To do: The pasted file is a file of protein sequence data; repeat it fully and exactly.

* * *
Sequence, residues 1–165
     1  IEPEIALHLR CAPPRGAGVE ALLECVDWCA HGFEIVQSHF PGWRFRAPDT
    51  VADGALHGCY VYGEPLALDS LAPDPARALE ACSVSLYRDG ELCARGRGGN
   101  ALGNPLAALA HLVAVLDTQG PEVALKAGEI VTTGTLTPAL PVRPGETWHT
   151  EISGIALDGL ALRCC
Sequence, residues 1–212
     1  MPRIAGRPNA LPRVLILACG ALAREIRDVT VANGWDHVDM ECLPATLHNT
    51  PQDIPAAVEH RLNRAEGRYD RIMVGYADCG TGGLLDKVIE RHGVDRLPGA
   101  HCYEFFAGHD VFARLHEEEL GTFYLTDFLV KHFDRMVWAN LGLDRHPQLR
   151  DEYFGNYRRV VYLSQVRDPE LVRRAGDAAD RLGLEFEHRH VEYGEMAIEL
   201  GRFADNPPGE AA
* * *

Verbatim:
Sequence, residues 1–165
     1  IEPEIALHLR CAPPRGAGVE ALLECVDWCA HGFEIVQSHF PGWRFRAPDT
    51  VADGALHGCY VYGEPLALDS LAPDPARALE ACSVSLYRDG ELCARGRGGN
   101  ALGNPLAALA HLVAVLDTQG PEVALKAGEI VTTGTLTPAL PVRPGETWHT
   151  EISGIALDGL ALRCC
Sequence, residues 1–212
     1  MPRIAGRPNA LPRVLILACG ALAREIRDVT VANGWDHVDM ECLPATLHNT
    51  PQDIPAAVEH RLNRAEGRYD RIMVGYADCG TGGLLDKVIE RHGVDRLPGA
   101  HCYEFFAGHD VFARLHEEEL GTFYLTDFLV KHFDRMVWAN LGLDRHPQLR
   151  DEYFGNYRRV VYLSQVRDPE LVRRAGDAAD RLGLEFEHRH VEYGEMAIEL
   201  GRFADNPPGE AA